Deerfield, Mass. (June 19, 2018)
--- Clashes between European rivals and colonial settlers' determination to control their environment shaped the physical landscape and ideological contours of the North American continent. Throughout these early centuries of conflict, conquest, and settlement, European newcomers and their descendants persistently turned to the taste, material culture, and fashions of the Old World to affirm their cultural
identities even as they forged new patterns of consumption and trade.
Perhaps nowhere is this dynamic history of conflict, accommodation, and adaptation more evident than in the clothing and textiles worn and used in British and French North America during the long eighteenth century. In the absence of large-scale manufacturing, imported English and European fabrics were essential for well-dressed bodies and fashionably-appointed domestic interiors. News of the latest civilian and military clothing styles worn abroad likewise shaped tastes and trends. However, colonists also adopted nuanced, and at times alternative, visions of dressing and furnishing. A combination of all these goods, trends, and ideologies would come to play a role in the American Revolution and subsequently helped define the character of the new nation.
Historic Deerfield's fall symposium,
"Fashion and Conflict in Early America,"
provide an in-depth look at the broad meanings of conflict on clothing and textiles that defined culture in 18th-and early 19th-century British and French North America.
The program features an impressive
and engaging group of speakers and workshop
presenters sharing new insights and information on the myriad meanings and perspectives
of conflict. Guest speakers include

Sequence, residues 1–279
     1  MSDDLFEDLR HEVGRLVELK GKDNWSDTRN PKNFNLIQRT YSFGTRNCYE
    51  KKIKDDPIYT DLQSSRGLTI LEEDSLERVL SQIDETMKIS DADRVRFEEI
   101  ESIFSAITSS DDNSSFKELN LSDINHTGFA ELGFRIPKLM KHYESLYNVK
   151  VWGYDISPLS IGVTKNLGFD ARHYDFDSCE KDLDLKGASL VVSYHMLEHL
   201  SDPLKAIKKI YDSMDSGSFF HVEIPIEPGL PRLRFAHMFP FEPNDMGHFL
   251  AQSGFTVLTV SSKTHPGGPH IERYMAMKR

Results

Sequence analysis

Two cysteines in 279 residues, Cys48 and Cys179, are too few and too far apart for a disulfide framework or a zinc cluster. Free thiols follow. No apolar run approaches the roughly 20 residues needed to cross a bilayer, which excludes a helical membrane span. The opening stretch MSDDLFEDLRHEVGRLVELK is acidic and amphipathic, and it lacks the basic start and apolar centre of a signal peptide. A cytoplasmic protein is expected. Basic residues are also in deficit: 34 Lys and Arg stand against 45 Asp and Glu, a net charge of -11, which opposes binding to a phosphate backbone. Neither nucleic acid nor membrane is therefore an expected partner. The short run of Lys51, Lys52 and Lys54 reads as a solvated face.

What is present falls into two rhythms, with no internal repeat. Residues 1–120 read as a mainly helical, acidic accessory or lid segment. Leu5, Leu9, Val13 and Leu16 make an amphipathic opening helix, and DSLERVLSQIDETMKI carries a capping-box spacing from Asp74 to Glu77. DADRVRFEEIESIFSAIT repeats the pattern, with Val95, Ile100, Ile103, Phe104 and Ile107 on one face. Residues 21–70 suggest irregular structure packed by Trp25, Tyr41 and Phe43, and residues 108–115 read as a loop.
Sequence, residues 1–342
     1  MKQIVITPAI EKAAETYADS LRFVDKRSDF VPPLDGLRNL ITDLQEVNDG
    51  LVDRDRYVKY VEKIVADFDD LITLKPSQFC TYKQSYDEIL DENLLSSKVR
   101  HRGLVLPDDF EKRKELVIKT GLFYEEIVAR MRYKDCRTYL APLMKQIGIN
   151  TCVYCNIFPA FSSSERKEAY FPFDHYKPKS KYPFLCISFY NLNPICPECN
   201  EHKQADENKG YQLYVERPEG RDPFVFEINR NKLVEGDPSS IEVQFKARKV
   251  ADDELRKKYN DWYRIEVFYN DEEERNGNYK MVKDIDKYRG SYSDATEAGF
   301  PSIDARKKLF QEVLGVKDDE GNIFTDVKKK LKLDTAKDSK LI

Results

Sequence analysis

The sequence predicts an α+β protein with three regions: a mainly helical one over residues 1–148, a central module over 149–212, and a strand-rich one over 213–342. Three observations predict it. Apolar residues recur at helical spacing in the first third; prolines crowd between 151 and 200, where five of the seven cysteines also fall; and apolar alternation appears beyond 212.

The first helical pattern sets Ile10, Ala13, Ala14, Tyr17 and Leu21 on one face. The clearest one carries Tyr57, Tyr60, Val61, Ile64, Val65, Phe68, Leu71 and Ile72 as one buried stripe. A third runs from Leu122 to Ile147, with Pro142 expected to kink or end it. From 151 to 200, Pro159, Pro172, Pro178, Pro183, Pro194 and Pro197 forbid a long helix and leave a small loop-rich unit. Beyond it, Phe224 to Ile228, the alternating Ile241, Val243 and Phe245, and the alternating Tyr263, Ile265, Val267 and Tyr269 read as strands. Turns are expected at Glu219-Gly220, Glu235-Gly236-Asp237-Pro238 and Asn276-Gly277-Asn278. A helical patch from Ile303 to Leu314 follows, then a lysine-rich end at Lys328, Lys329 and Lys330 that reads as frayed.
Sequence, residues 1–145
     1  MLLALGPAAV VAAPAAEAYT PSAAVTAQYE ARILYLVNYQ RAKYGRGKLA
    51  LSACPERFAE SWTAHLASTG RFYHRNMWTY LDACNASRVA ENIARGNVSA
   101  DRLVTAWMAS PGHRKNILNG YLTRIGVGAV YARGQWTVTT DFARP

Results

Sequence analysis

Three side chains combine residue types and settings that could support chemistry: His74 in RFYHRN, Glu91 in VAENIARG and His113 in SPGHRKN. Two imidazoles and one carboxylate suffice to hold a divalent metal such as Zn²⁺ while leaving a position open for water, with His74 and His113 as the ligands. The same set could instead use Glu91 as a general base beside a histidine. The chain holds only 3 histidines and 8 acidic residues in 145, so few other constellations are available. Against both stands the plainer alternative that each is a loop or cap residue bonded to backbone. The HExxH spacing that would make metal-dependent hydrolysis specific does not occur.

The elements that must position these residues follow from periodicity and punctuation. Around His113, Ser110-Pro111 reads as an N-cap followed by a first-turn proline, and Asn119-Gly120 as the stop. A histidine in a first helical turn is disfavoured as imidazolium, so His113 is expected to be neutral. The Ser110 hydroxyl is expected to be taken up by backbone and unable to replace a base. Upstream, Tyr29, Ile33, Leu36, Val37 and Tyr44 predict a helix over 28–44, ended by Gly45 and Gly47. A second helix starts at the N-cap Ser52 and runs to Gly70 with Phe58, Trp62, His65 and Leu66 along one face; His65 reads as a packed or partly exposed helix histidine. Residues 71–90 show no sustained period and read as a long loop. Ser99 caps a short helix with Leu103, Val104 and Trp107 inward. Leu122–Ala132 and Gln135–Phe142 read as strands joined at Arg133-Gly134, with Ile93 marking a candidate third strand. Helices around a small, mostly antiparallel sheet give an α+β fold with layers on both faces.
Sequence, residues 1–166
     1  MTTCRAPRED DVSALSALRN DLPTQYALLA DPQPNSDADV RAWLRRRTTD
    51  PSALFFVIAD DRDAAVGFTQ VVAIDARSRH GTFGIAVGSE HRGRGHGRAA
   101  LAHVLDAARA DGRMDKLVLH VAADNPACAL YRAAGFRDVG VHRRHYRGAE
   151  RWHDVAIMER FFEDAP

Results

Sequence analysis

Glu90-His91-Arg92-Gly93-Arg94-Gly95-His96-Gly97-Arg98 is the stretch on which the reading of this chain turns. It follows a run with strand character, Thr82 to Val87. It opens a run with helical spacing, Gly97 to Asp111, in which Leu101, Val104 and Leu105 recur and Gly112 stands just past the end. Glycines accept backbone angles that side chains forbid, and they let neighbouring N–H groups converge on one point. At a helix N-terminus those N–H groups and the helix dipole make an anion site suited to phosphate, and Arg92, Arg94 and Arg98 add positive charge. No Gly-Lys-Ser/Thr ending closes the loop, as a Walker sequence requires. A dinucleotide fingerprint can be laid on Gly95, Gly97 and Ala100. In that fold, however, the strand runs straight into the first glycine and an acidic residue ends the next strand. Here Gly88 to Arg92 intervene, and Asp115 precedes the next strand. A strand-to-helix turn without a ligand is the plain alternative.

John Styles, Research Professor in History, University of Hertfordshire, UK, and Honorary Senior Research Fellow, Victoria and Albert Museum, London;
Jonathan Eacott, Associate Professor, University of California, Riverside;
Neal T. Hurst, Associate Curator of Costume and Textiles, The Colonial Williamsburg Foundation;
Ann Buermann Wass, History/ Museum Specialist, Riversdale House Museum, Maryland-National Capital Park and Planning Commission, Baltimore, MD; and
Matthew Keagle, Curator of Collections, Fort Ticonderoga. Several juried speakers will explore topics related to politics, importation of styles and trends, and the military.
The symposium will be held
September 28-30, 2018,
at Historic Deerfield.
The symposium will also offer workshops on Friday afternoon, September 28, allowing participants up-close access to experts
skilled in the historic trades of early 19th century millinery and tailoring.
Registration for the forum is $385 and includes all lectures and demonstrations, admission to Historic Deerfield for the duration of the symposium, two receptions, one lunch, and refreshments. Friends of Historic Deerfield receive a $20 discount on their registration fee.
About Historic Deerfield, Inc.
Historic Deerfield, Inc., is dedicated to the heritage and preservation of Deerfield, Massachusetts, and the Connecticut River Valley. Its museums and programs provide today's audiences with experiences that create an understanding and appreciation of New England's historic villages and countryside. For more information, please call (413) 775-7214 or visit historic-deerfield.org.